Effects of variable retention harvesting on canopy transpiration in a red pine plantation forest Academic Article uri icon

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abstract

  • Abstract Background Variable Retention Harvesting (VRH) is a forest management practice applied to enhance forest growth, improve biodiversity, preserve ecosystem function and provide economic revenue from harvested timber. There are many different forms and compositions in which VRH is applied in forest ecosystems. In this study, the impacts of four different VRH treatments on transpiration were evaluated in an 83-year-old red pine (Pinus Pinus resinosa) plantation forest in the Great Lakes region in Canada. These VRH treatments included 55% aggregated crown retention (55A), 55% dispersed crown retention (55D), 33% aggregated crown retention (33A), 33% dispersed crown retention (33D) and unharvested control (CN) plot. These VRH treatments were implemented in 1-ha plots in the winter of 2014, while sap flow measurements were conducted from 2018 to 2020. Results Study results showed that tree-level transpiration was highest among trees in the 55D treatment, followed by 33D, 55A, 33A and CN plots. We found that photosynthetically active radiation (PAR) and vapor pressure deficit (VPD) were major controls or drivers of transpiration in all VRH treatments. Our study suggests that dispersed or distributed retention of 55% basal area (55D) is the ideal forest management technique to enhance transpiration and forest growth. Conclusions This study will help researchers, forest managers and decision-makers to improve their understanding of water cycling in forest ecosystem and adopt the best forest management regimes to enhance forest growth, health and resiliency to climate change.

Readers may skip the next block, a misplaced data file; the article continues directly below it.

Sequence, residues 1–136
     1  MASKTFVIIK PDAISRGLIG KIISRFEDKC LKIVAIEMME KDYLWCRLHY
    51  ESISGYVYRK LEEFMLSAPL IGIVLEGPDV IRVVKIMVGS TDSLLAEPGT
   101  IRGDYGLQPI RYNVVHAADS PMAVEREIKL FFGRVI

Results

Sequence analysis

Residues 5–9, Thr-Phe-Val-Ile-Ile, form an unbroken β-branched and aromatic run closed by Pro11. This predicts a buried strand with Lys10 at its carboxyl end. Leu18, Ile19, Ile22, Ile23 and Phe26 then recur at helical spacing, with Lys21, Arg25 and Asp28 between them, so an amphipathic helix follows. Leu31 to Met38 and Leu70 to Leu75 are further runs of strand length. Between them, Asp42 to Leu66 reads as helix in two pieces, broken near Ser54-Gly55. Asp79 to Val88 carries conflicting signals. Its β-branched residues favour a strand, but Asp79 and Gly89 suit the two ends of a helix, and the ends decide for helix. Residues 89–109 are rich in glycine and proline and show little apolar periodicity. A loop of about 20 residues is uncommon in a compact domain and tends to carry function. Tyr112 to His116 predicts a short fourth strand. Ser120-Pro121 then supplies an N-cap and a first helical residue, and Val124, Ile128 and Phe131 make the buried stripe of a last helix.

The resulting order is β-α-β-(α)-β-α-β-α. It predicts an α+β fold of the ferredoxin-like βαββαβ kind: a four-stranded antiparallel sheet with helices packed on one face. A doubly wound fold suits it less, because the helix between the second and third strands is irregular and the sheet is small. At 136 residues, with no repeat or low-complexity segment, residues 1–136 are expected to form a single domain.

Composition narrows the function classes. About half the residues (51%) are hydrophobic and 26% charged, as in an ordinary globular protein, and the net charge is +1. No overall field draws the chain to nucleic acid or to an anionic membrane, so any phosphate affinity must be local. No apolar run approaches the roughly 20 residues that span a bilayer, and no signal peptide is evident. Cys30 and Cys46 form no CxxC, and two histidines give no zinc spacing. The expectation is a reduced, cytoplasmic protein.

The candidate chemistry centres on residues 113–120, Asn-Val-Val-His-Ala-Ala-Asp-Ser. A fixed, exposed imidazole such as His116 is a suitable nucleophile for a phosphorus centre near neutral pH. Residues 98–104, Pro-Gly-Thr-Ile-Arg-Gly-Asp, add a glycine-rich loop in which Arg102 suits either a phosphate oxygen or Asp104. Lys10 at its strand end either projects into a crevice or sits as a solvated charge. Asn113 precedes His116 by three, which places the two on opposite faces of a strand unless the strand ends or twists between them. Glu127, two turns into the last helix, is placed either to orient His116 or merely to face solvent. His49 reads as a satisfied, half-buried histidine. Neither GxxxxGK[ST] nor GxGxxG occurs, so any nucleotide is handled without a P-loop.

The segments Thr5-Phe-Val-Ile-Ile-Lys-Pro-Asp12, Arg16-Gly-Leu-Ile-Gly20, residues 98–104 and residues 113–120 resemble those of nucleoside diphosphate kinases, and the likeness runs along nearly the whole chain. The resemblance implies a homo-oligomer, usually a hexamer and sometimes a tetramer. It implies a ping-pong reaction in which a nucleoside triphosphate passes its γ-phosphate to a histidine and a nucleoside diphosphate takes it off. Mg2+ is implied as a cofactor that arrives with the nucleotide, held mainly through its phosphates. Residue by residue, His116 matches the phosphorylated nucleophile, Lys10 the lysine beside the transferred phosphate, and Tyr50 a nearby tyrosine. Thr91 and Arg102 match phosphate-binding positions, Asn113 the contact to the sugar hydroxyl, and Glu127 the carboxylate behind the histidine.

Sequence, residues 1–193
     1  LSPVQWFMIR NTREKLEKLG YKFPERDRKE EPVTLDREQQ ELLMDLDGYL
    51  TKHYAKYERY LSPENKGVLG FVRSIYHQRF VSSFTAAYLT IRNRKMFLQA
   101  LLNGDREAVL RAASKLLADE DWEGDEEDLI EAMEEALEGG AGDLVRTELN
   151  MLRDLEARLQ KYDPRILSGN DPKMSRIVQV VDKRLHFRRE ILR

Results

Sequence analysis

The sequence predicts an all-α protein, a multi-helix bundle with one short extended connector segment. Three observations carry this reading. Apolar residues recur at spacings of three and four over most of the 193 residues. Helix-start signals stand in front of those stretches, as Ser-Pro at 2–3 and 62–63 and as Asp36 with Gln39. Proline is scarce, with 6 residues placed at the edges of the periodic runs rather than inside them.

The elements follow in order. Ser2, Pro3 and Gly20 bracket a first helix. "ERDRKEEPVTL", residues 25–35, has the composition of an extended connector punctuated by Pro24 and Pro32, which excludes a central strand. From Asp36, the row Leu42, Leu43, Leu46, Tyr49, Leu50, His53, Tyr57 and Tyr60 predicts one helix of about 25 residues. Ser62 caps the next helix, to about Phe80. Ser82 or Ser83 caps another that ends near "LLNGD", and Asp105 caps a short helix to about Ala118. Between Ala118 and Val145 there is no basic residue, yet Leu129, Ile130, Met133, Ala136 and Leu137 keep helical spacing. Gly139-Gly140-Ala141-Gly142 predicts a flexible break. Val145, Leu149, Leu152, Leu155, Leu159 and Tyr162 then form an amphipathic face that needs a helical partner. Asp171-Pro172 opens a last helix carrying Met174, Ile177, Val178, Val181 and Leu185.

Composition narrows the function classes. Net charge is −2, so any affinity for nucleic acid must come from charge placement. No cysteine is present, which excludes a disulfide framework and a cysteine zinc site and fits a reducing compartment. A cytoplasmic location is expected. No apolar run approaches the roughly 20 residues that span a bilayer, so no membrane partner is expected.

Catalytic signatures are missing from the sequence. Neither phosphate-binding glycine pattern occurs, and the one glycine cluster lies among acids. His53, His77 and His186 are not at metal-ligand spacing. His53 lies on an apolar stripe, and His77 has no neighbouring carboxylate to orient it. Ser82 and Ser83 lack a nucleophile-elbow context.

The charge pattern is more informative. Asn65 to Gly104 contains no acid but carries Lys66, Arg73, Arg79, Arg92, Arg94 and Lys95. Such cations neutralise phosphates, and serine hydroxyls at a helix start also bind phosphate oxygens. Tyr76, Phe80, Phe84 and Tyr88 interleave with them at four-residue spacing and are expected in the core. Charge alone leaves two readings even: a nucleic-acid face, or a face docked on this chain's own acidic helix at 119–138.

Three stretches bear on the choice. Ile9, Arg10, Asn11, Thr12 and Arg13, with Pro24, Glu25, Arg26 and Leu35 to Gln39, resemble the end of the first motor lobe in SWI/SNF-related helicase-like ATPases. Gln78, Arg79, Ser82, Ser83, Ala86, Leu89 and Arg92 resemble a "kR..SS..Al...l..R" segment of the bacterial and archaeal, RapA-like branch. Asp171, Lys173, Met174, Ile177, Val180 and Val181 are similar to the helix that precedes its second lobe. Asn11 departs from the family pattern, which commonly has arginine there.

publication date

  • December 2022